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Breathing Techniques
by Philip J. Cable


The following are my thoughts on the importance of addressing the breathing techniques of those of us who have COPD. This aspect of our treatment is, unfortunately and sadly,  highly neglected by our medical community. It deals in general terms and not all aspects of it will apply to all COPD’ers, as we are all different. I have tried to keep it simple, yet provide some of my insights, (Right or wrong!) into our breathing distresses.


For “normal people”, breathing is as easy as inhaling and exhaling, without consciously giving their breathing any thought at all. For the vast majority of us with COPD, breathing can sometimes be an adventure, and for some of us, most of the time it is an adventure. It is my belief, that anyone who deals in the care of COPD’ers in their later stages should try a little experiment as suggested by Dr. Rick Hodder, a noted Canadian respirologist, in his book, “Every Breath I Take – A guide to living with COPD”. Quote: “Take in a deep breath but don’t exhale. Take in another and another. You’re hyper inflated. Hold it! Now run upstairs. You’ll soon appreciate what it feels like to have COPD or asthma.”


We as COPD’ers have to deal with our breathing on so many levels:


(1).       The psychology of breathing - How stress and anxiety affect our breathing.

(2).       Dealing with Shortness of Breath (SOB)

(3).       Learning to purse-lip breathe (PLB).

(4).       How we breathe. Are we shallow breathers or diaphragm breathers?

(5).       Inspiration. (Inhaling)

(6).       Learning to exhale properly.

(7).       Learning to relax our auxiliary breathing muscles

(8).       Learning to pace ourselves so we don’t become (SOB).

(9).       The importance of proper nutrition and proper exercise in combating SOB

(10).     Pulmonary Rehab


Anxiety - Why do we become short of breath? In a nutshell and very simplified, in most of us COPD’ers, our DLCO or diffusion rate is compromised so that our lungs are no longer able to efficiently exchange O2 and CO2. The O2 in our blood may drop and the CO2 level increases. Our brain signals our lungs and heart to speed up and try to get our level back in balance. We then become short winded. Then anxiety kicks in. When we become anxious, our body releases adrenaline which causes our heart to beat even faster. The brain then tells the lungs that the heart is working harder and needs more oxygen. So we start to breathe faster and harder. The brain then tells the heart that the lungs need more blood to process, and so the heart starts to beat faster again. And so on, and so on, until we are uncontrollably Short Of Breath. We are then hyperventilating, breathing too fast and too shallow.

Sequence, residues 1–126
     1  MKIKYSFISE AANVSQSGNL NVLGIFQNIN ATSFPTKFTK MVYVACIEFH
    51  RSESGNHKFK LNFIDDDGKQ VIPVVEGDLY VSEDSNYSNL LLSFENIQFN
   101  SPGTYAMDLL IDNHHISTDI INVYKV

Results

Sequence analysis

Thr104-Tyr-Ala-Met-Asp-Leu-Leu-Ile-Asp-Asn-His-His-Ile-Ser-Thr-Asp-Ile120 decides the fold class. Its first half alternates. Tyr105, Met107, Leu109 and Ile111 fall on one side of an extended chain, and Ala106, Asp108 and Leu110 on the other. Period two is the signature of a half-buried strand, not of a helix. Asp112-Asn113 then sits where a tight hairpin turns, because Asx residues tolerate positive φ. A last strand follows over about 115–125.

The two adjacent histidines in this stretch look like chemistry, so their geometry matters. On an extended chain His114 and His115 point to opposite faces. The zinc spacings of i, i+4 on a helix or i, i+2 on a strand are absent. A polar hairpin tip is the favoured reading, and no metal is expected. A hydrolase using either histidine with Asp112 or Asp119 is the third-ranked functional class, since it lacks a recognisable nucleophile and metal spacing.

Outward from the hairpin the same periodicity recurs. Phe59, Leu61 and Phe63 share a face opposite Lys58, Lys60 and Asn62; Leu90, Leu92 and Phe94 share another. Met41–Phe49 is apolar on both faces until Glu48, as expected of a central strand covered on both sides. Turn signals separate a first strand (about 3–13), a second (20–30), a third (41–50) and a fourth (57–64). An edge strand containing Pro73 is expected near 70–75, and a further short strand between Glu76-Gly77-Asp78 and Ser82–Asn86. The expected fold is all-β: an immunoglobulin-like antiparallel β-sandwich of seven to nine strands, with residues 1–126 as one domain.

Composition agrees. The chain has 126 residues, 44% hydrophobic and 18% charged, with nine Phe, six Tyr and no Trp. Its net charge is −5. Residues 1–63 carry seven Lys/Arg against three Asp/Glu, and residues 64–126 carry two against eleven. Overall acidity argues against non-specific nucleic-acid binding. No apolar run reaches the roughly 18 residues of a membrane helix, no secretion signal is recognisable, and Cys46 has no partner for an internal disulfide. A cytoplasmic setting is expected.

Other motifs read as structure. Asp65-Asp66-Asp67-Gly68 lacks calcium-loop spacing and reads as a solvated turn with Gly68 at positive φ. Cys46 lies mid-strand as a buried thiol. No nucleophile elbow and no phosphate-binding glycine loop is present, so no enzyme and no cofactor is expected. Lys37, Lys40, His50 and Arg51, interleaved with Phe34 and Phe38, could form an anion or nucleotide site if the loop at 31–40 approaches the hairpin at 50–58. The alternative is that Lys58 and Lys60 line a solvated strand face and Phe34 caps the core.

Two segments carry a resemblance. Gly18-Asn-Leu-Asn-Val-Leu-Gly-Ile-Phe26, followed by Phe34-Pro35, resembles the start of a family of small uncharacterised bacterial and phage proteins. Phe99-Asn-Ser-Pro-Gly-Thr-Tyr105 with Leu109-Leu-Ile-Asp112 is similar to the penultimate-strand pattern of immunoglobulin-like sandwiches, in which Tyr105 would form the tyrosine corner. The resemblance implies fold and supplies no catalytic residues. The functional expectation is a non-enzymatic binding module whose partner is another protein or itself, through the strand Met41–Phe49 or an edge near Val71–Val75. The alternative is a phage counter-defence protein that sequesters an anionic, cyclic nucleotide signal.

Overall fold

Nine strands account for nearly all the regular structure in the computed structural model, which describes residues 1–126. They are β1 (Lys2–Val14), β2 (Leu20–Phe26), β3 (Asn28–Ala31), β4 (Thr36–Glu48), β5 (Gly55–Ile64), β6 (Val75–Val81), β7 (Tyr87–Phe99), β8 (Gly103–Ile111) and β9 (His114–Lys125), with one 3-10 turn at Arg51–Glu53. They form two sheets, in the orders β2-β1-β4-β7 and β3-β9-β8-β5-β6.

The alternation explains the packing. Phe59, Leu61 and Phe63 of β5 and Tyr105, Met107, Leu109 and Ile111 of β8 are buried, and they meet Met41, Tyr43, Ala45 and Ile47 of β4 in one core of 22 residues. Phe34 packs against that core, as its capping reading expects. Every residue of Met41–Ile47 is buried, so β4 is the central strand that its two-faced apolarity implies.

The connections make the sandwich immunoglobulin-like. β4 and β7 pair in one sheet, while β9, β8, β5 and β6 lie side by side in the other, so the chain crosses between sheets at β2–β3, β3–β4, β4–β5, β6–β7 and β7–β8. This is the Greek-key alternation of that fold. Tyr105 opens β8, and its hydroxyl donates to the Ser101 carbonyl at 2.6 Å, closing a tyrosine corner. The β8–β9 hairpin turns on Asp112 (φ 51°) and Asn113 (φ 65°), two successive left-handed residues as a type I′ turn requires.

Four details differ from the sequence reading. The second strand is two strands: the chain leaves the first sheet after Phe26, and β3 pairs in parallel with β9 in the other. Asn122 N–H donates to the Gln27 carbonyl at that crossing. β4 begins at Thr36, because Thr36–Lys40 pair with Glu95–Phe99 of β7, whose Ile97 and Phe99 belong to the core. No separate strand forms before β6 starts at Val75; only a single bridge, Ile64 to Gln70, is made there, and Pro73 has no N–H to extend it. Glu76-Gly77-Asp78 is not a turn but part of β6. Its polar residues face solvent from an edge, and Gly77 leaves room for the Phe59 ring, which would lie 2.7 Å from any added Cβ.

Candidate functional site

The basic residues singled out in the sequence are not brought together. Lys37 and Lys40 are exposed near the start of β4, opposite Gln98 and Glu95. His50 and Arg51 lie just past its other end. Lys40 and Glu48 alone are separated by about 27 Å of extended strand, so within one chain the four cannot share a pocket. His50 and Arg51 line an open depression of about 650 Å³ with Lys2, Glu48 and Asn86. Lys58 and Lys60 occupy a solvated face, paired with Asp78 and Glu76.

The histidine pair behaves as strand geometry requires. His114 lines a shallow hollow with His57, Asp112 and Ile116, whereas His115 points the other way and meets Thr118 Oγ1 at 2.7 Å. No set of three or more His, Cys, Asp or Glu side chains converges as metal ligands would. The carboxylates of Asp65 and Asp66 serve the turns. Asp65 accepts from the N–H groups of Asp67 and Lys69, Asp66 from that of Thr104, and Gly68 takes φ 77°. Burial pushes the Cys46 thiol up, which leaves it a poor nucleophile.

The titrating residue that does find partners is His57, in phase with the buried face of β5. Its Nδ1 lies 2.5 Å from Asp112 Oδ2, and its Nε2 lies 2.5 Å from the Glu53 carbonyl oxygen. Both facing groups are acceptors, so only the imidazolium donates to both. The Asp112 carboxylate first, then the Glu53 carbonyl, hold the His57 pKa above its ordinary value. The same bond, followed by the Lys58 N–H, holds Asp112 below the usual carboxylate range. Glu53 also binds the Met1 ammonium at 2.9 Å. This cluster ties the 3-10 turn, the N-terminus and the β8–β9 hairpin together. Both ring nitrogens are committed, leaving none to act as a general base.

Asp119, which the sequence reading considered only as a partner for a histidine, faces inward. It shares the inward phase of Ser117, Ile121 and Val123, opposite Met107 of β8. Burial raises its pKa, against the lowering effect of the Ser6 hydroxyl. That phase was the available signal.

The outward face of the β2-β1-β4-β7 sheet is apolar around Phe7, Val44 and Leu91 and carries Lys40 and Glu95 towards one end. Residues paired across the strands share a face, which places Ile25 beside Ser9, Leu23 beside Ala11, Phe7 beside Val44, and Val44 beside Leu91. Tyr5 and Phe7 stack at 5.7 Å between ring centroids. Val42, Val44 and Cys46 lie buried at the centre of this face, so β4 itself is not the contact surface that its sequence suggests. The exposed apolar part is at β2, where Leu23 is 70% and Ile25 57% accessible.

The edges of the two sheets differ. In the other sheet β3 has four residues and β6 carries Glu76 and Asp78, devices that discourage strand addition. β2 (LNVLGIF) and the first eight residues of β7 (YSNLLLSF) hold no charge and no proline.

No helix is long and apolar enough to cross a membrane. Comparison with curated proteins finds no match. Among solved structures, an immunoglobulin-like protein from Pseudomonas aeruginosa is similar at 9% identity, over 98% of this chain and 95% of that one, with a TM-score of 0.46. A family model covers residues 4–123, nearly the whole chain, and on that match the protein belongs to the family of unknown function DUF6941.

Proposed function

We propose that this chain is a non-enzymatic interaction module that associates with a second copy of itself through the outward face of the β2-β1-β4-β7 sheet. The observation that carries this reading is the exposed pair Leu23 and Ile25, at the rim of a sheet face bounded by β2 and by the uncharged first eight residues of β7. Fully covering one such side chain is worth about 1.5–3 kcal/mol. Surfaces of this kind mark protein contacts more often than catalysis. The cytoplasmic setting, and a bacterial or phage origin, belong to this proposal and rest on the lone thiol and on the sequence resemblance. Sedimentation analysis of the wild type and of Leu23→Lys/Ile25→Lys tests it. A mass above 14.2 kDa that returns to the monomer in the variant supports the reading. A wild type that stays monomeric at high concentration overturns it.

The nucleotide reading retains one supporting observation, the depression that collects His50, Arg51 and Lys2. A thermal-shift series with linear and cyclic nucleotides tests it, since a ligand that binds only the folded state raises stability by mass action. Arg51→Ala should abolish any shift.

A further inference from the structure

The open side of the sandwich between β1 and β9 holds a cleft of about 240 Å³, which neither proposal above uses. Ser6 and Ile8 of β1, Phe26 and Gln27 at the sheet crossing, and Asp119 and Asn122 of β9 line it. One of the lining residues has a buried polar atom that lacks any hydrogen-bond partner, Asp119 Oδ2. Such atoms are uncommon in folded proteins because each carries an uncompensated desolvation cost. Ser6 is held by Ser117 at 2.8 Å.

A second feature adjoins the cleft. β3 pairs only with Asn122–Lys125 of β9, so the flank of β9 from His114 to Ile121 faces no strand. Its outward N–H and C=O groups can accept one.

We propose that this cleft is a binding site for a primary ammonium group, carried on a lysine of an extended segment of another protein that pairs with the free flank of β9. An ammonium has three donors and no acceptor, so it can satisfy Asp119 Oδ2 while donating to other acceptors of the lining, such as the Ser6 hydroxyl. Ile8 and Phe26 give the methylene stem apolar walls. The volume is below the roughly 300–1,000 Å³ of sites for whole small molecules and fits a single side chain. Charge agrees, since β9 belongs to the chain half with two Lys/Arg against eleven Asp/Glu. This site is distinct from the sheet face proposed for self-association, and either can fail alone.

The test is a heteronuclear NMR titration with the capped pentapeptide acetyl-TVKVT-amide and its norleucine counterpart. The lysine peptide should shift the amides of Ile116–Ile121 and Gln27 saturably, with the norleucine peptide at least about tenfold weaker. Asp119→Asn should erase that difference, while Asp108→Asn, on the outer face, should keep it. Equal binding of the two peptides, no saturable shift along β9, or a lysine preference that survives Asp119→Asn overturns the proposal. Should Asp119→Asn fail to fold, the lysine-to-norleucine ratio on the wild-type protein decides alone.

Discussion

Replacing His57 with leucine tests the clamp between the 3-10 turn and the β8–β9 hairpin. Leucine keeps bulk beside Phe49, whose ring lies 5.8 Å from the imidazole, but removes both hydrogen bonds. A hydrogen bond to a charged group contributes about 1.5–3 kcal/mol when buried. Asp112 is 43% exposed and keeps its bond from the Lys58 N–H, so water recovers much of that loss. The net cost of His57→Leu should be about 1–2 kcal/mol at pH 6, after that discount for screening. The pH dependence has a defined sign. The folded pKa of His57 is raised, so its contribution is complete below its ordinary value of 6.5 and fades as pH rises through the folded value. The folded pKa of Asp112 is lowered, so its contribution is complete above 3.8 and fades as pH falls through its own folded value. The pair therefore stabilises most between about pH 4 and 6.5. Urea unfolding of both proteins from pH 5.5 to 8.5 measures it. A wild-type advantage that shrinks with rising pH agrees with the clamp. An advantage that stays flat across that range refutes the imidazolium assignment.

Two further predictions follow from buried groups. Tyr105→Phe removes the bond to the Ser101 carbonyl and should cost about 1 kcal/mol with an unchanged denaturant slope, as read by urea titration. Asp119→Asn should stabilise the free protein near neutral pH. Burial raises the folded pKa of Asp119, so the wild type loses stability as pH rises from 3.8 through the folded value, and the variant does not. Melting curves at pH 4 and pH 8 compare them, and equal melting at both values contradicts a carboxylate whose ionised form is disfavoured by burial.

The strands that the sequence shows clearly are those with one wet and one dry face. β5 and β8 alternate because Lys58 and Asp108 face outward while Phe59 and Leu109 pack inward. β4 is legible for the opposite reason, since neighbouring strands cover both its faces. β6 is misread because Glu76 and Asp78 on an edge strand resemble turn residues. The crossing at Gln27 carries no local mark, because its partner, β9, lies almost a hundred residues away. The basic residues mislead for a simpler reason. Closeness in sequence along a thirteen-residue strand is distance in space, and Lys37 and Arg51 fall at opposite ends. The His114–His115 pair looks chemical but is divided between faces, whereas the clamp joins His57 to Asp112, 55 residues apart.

Pursed-Lip Breathing - What is Pursed Lip Breathing (PLB)? PLB is the first line of defense used by most COPD’ers when trying to recover from shortness of breath. It involves breathing in through the nose and exhaling with the lips pursed as if you were going to whistle. How hard do you blow out? I find that blowing out with the same force that you would use to cool hot soup on a spoon to be the perfect force. Blow hard enough to cool it but not hard enough to blow it off the spoon. Many sites advocate blow like you were blowing out a candle, but I find that if I simulate blowing out a candle, I tend to puff, instead of a slow exhale and I tend to exhale with too much force and find it harder to relax. How does PLB help? When we PLB properly we create a back pressure in the mouth and throat and this back pressure actually blows the airways open. Now that we can breathe in easier we have to concentrate and breathe out for at least 4 seconds or longer if possible. This helps expel CO2 and trapped air and we begin to breathe easier yet. I have been trying something for the last month or so that helps me. It may not help everybody. After I exhale for four seconds or more, I pause and let the body inhale naturally. The reason I pause is two-fold. First of all, it tells me that I am regaining control of my breathing, which allows me to relax easier and secondly, I find that if I consciously try to inhale right away, I will invariably gasp. When I inhale naturally, I make sure I do not try to “top off” the air already in my lungs. “Topping-off” is when we inhale once and then inhale again before we exhale. This will cause you to use your auxiliary breathing muscles in your shoulders and neck. This will in turn cause you to expend more energy and use up more oxygen. Also with the pausing after exhaling, I would suspect that it gives the lungs a little more time to exchange gases, (CO & CO2). Now that we are breathing rather easily, the anxiety subsides and all is well in our wonderful little worlds. Practicing these techniques is very important so as to be completely trained on how to recover from being Short Of Breath.